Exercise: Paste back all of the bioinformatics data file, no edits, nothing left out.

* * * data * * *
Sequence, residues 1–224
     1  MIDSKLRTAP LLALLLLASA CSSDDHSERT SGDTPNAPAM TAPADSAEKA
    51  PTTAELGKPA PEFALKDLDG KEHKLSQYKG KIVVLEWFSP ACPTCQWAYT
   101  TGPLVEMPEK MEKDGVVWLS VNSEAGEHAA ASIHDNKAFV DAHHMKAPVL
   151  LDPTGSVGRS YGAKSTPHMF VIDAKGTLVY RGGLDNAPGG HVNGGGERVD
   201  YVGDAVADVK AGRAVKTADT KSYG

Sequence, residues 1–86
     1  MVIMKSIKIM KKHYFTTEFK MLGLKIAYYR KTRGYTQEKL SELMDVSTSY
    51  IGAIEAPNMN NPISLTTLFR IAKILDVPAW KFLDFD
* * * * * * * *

Sequence, residues 1–224
     1  MIDSKLRTAP LLALLLLASA CSSDDHSERT SGDTPNAPAM TAPADSAEKA
    51  PTTAELGKPA PEFALKDLDG KEHKLSQYKG KIVVLEWFSP ACPTCQWAYT
   101  TGPLVEMPEK MEKDGVVWLS VNSEAGEHAA ASIHDNKAFV DAHHMKAPVL
   151  LDPTGSVGRS YGAKSTPHMF VIDAKGTLVY RGGLDNAPGG HVNGGGERVD
   201  YVGDAVADVK AGRAVKTADT KSYG

Sequence, residues 1–86
     1  MVIMKSIKIM KKHYFTTEFK MLGLKIAYYR KTRGYTQEKL SELMDVSTSY
    51  IGAIEAPNMN NPISLTTLFR IAKILDVPAW KFLDFD